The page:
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Take a new environment, like summer camp or daycare, mix in a “bug” (typically rhinovirus), and you have all the makings of a summer cold.
Nine months out of the year, your kids are around the same people on a daily basis. Come summer, they are exposed to new environments and new people, which exposes them to new viruses, increasing their risk for the unwanted summer cold, says Jared M. Skowron, N.D., professor of pediatrics and author of The Fundamentals of Naturopathic Pediatrics.
Once your child has caught a cold, expect it to last about a week to 10 days, says Gregg M. Alexander, D.O., practicing general pediatrician at Madison Pediatrics in London, OH. “Symptoms usually peak around three to five days, which is also when colds are most contagious, though the contagious period can last up to three weeks.” (The best way to prevent a cold from spreading is to wash hands often and keep your child’s hands away from her face since the eyes, nose and mouth are the most common places for germs to get into the body.)
Still, while the cold may persist for a week or more, the symptoms can be treated so your child feels better faster.
Dr. Alexander says the “less is more” rule applies when it comes to symptom relief. “The problem with [over-the-counter medications] is that they tend to slow down the body’s natural healing efforts,” he says.
If the symptoms are making your child miserable -- especially if he is unable to sleep -- it may be worth the trade-off, since “sleep and rest are vital for keeping the defenses strong.” Otherwise, he recommends limiting the use of medications to target specific symptoms.
Children’s ibuprofen can help with fevers, aches and pains. Kids over two can take cough medicine for coughs or a decongestant for stuffy noses, which can help them get the sleep their bodies need to beat the bug. But Dr. Alexander advises skipping antihistamines for runny nose, since the drainage can be beneficial. Try a cool mist humidifier instead to help clear breathing passages.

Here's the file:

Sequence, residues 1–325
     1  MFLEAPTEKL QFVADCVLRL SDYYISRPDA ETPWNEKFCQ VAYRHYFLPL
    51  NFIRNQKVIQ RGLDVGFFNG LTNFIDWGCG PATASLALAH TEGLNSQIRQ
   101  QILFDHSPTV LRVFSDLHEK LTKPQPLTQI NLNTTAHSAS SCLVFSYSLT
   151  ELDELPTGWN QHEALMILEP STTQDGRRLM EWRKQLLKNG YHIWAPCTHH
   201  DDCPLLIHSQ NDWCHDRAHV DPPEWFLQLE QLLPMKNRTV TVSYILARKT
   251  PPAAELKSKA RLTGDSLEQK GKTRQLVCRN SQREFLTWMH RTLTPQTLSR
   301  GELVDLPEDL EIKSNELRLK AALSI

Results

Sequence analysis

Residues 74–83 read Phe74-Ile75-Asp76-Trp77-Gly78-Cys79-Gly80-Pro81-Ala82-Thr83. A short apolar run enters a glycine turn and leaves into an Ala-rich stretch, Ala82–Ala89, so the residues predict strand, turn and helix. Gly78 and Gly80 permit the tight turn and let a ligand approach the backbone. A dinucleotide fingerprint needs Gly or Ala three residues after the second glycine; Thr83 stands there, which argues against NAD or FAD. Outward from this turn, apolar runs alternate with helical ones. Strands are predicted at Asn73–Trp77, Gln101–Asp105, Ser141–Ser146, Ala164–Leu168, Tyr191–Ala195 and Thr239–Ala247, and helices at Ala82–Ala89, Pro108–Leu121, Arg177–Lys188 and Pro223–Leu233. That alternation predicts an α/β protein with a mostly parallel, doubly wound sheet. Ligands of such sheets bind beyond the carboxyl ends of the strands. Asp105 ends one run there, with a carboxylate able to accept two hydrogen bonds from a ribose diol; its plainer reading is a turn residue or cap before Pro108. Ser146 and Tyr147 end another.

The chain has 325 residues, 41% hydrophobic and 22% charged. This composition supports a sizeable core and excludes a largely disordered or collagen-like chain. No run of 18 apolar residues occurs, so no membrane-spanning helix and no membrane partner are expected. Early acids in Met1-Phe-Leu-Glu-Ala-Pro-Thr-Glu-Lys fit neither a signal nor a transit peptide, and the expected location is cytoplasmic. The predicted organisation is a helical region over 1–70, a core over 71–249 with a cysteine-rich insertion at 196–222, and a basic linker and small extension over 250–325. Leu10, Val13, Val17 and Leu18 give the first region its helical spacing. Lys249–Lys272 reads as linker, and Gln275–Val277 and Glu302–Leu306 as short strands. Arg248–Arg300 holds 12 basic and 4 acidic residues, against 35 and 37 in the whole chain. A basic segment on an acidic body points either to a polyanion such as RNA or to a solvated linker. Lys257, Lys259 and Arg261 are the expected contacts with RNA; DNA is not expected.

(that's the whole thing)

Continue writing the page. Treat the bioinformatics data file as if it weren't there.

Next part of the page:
Plenty of fluids, saline nasal spray or drops, a neti pot, and a healthy diet (think chicken soup, fruit and vegetables) will also speed the healing process. Probiotics, commonly found in yogurt, can help boost the immune system as well, says Dr. Skowron.
Dr. Alexander also recommends limiting activity for the first few days. That will not only give your child a chance to heal, but will also keep the cold virus from finding new targets.
One note: Before you start treating cold symptoms make sure you aren’t dealing with allergies. How can you tell the difference? The symptoms -- runny nose, itchy or watery eyes, sneezing, nasal congestion, cough -- may be similar, but allergies generally don’t produce fevers, according to Dr. Alexander. If you’re not sure, though, call a doctor.
Other Reasons to Call the Doctor
While most colds will resolve themselves with minimal treatment, check with your doctor if:
- your child seems very ill, is wheezing or having trouble breathing.
- the cough is frequent, “barky,” or makes your child choke or vomit (it could be pertussis, known as whooping cough).
- your child isn’t drinking enough or urinating normally.
- your child has a fever of 103 or more.
Other signals that warrant a call to the doctor include ear pain or thick drainage from the ear or eye, a very sore throat or a fever that lasts longer than three days or returns after a few days’ absence.
A typical summer cold shouldn’t slow your child down for too long. The worst symptoms should subside in less than a week, so your kid can go back to having summer fun. Just make sure he washes his hands first.